A conman who escaped from a federal prison in Colorado in 2018 was arrested in Florida, where he appeared to be living in the lap of luxury at a $1.5 million mansion, police said.
Allen Todd May, 58, was nabbed by police Monday at his Fort Lauderdale home, where US Marshals noted he was wearing a Rolex watch and driving a $125,000 Mercedes Benz.
The arrest came after an anonymous tip that May had taken up a new persona — Jacob Turner, a wealthy man who frequented the West Palm Beach and Fort Lauderdale area.
May even attended a fancy fundraiser for the Palm Beach Society in June, where he was pictured schmoozing with prominent locals and featured on the Palm Beach Daily News site.
The photo of May enjoying the limelight, however, appeared to be his undoing — a tipster noticed it and informed police on June 25.
“Very flashy. He was flaunting his wealth,” Katrina Crouse, chief deputy US Marshal for Colorado, told Fox31. “Whether he obtained that wealth legitimately or not is another question. But he was very good at flaunting his wealth while still trying to remain hidden.”
May escaped the Englewood Federal Correctional Institution on Dec. 21, 2018, nine years short of his 20-year prison sentence for securities fraud — stealing $6.8 million through a Ponzi scheme.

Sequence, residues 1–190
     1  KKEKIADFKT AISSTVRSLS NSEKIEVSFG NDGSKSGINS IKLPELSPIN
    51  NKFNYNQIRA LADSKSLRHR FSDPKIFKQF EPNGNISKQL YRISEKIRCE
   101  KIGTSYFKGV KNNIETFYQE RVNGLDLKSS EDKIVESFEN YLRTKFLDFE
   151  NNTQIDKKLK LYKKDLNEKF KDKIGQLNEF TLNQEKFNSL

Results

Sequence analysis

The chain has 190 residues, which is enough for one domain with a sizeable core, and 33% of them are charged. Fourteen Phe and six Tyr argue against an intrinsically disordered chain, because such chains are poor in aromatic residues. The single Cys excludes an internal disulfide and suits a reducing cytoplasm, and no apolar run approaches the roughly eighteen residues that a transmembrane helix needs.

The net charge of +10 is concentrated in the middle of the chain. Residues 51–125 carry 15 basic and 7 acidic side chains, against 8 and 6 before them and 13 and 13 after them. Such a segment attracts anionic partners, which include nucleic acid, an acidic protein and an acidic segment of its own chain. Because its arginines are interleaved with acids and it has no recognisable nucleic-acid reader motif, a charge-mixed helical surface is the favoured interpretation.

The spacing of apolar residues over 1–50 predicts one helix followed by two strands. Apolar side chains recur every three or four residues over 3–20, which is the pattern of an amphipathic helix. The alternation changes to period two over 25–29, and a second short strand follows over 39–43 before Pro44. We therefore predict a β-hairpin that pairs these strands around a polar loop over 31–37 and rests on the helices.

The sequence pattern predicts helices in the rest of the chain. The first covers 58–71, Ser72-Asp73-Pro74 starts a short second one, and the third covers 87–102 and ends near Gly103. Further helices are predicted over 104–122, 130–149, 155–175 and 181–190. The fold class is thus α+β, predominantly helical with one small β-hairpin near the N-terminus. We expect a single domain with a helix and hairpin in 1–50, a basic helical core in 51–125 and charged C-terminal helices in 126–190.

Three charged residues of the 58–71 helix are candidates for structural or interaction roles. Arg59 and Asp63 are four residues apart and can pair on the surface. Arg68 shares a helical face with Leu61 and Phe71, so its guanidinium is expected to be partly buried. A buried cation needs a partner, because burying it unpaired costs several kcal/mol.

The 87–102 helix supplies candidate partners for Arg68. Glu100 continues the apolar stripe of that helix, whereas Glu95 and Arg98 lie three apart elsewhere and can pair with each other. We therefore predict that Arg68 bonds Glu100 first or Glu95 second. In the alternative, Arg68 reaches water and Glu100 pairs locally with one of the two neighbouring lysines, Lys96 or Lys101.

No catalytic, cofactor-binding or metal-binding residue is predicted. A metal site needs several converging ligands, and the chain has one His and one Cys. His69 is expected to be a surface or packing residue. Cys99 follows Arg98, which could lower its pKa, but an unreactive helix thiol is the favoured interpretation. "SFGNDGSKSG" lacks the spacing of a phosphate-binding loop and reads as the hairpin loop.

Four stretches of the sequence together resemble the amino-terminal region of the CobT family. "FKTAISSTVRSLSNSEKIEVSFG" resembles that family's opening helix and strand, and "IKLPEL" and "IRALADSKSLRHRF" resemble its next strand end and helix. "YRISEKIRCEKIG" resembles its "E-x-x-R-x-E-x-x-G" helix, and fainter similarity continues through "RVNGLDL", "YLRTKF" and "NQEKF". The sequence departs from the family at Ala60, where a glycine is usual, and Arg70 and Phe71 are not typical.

Officials said the conman swiped a Bureau of Prisons truck and drove out of the facility without arousing suspicion.
Records show he then rented a U-Haul truck in Denver, which was later found abandoned behind a Waffle House in Fort Worth, Texas.
On Dec. 22, 2022, US Marshal officials said May was spotted at his mother’s house in Houston, but the trail turned cold — until the tip about Jacob Turner came.
“This was huge,” Crouse said of the tip. “This gentleman, because of his fraud background, was very good at eluding capture.”
May was booked at the Palm Beach County jail; on Wednesday, a federal judge ordered him to be transported back to Colorado.
An investigation continues on whether May committed additional fraud while on the run, and he faces more charges following allegations he cashed in on $700,000 from fake energy companies that he set up while behind bars.
Federal investigators alleged May set up sham companies in Texas to declare himself the legal owner of unclaimed oil and gas royalties in Kansas, Louisiana and North Dakota — and then instructed a friend to deposit the earnings into his accounts.
A representative for May could not be immediately reached for comment.
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